This piece goes with this recipe for Pears Belle Hélène.
Auguste Escoffier created many dishes but he also created the modern restaurant industry, and all the innovation that came with it. So perhaps we should not be embarrassed that the dessert he is perhaps most famous for, Poires Hélène, should have changed just a little over the years and decades since he invented the dish in the 1860s.
Even the name has altered slightly. In his own book, Ma Cuisine, he uses only the two words, but for as long as I can remember whenever I’ve seen it on old-fashioned restaurant menus it has been called Pears Belle Hélène. Escoffier named it after the French operetta La Belle Hélène by Jacques Offenbach.
The entry for Poires Hélêne in Ma Cuisine is succinct: “Pears, vanilla flavoured syrup, vanilla ice cream, pralined violets. Poach the pears in the syrup and leave to cool. When ready to serve, arrange them on a bed of vanilla ice cream and sprinkle with pralined violets. Serve with a hot chocolate sauce.”
Escoffier’s recipe for his other arguably most famous dessert, pears Melba (although peach Melba became more common) was almost identical, only swapping raspberry purée for the violets.
Today, many recipes include a cinnamon stick, or even two. Then, the only aromatic was vanilla. A pod, of course, or the scraped seeds thereof. Many modern chefs do still honour the original tradition of using only vanilla, but to use a different, or an additional spice, should not be deemed inappropriate. Flaked almonds are sometimes added today too. I think that takes something away from the intrinsic simplicity of the dish.
Americans sometimes slather it in “hot fudge sauce” and celebrate the dessert with an annual Pears Hélène Day on March 15. At least they don’t pour the ubiquitous “hot sauce” over it, as far as I know, though I’d put money on that being a thing. (Oh no no no, don’t try it, please don’t, forget I said that.)
Which is not to say innovation is not appropriate. Modern chefs have inherited an industry, in direct line as it were, from the man who set it all up when he used his former military experience to establish what today is known as the kitchen brigade system, a slick, strict discipline of rank and order designed to ensure that your plate of food is cooked properly, has everything on it that it should, and arrives in front of you hot and neatly dressed. That is no small feat. But chefs are creative, artistics creatures, by and large, and having inherited all that, they have a right to fiddle a little to give it their own touch. Light, one hopes. If it’s changed beyond recognition, it becomes a different dish and needs its own name. And please, please, no “deconstructed”. (You know, a flat pear on a plate, a jug of choccy sauce, a splodge of roomys, a blob of something or other, most probably a jelly. That fad needs to die a fast death, soon)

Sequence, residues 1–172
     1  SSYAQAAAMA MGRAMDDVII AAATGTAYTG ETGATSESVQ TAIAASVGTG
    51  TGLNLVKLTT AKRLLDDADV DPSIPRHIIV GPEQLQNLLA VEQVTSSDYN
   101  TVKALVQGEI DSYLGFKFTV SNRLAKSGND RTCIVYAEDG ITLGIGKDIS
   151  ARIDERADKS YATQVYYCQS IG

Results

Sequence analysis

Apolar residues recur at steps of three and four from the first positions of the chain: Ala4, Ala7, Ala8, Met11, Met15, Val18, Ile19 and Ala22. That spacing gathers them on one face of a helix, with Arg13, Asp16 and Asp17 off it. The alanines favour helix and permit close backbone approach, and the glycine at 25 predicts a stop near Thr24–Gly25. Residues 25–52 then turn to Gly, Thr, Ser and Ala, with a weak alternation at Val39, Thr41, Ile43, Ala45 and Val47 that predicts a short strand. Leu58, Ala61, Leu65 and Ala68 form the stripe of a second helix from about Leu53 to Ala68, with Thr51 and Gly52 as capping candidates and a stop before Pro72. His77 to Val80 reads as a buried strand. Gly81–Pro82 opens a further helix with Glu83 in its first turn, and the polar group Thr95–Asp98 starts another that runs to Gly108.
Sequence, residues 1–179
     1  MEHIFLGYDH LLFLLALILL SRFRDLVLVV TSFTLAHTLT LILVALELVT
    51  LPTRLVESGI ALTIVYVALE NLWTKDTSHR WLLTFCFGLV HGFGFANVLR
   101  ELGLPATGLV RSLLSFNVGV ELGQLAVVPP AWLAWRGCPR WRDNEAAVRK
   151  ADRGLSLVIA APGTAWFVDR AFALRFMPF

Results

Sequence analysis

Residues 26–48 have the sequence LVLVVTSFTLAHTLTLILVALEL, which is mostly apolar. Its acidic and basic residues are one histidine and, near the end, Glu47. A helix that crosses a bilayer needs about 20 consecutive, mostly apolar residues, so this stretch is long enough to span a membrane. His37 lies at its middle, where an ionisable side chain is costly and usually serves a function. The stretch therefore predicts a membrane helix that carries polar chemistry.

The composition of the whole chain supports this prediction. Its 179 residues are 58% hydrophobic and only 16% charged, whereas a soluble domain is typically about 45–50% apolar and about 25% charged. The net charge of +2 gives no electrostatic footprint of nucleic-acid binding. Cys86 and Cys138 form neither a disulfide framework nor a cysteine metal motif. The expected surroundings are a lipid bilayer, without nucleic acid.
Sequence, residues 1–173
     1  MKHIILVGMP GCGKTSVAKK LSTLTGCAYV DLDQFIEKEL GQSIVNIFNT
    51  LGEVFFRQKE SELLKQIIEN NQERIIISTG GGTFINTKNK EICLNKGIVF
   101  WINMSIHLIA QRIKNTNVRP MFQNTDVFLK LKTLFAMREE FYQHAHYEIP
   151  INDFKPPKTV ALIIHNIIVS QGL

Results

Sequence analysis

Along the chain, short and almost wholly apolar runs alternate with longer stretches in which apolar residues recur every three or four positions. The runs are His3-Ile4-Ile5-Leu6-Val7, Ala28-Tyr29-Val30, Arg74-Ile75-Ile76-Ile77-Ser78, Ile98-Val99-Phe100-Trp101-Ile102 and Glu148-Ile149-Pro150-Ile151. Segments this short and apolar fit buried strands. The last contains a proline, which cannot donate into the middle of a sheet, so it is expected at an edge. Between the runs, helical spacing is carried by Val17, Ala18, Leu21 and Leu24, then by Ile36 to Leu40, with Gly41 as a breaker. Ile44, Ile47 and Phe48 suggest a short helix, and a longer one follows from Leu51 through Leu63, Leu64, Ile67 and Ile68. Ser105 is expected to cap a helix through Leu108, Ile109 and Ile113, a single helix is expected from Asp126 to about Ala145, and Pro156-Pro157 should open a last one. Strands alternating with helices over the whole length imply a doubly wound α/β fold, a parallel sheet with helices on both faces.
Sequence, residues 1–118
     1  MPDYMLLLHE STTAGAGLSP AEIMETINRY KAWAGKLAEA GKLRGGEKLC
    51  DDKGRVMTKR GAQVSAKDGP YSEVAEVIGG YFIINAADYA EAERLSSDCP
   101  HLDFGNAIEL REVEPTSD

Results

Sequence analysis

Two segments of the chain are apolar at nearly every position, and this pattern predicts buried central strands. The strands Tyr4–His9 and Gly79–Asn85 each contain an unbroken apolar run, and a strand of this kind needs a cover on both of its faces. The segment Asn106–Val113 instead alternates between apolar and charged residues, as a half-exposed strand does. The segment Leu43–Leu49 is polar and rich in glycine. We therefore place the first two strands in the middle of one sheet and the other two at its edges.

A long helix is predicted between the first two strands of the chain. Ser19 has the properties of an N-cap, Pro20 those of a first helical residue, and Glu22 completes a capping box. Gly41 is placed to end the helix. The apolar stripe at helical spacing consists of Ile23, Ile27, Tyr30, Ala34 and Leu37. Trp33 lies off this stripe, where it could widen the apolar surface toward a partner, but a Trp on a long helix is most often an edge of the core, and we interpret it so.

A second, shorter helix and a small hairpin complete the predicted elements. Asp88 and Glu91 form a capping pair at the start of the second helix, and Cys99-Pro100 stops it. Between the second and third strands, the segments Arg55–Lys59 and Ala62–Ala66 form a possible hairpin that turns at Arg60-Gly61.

Pears Belle Hélène is not just “pears with chocolate sauce”. It has more finesse than that. You can grab a can of pears, plonk them on a plate, and squeeze commercial chocolate dessert topping over it if you like. You can. I hope you don’t. It will be far from the best it can be.
How difficult is it to poach a pear anyway? You need only a few pears, water, sugar, and a vanilla bean. And a cinnamon stick if you like. Add heat, then add pears that you have neatly peeled and cored, let it simmer at a moderate boil for 15 minutes, and let them cool in their syrup. You have poached pears.
To make a homemade chocolate sauce is greatly rewarding, and it will be a dozen times more delicious than that commercial brand. And you’ll have the glow of achievement as you eat and you watch the eyes of your guests rolling with pleasure while you notice that their own sighs of pleasure are bordering on the need to tell them to get a room.
The combination of that silky chocolate sauce and the sleek freshness of the pear as you peel away a sliver of it with your spoon is a fine one, but there’s one more element on your Poire Hélêne plate. The ice cream.
There’s a whole world of difference between just scooping out a portion of vanilla ice cream from the tub in the freezer, and making your own. But how about making it the old-fashioned way… or even the old-fashioned French way…
I often remember the vanilla ice cream from my childhood. There was something about it. No store-bought “vanilla ice cream” today is anything like that, not even the supposedly “quality” ones. Some come closer than others. But here’s the thing: the old ones were largely custard-based, and that is the French way.
So, let’s make Pears Belle Hélêne by poaching our own pears, making our own French-style vanilla ice cream, and finishing it with a sinfully sensual homemade chocolate sauce (find the recipe here). Escoffier will surely smile in his grave. DM/TGIFood
To enquire about Tony Jackman’s book, foodSTUFF (Human & Rousseau) please email him at [email protected]
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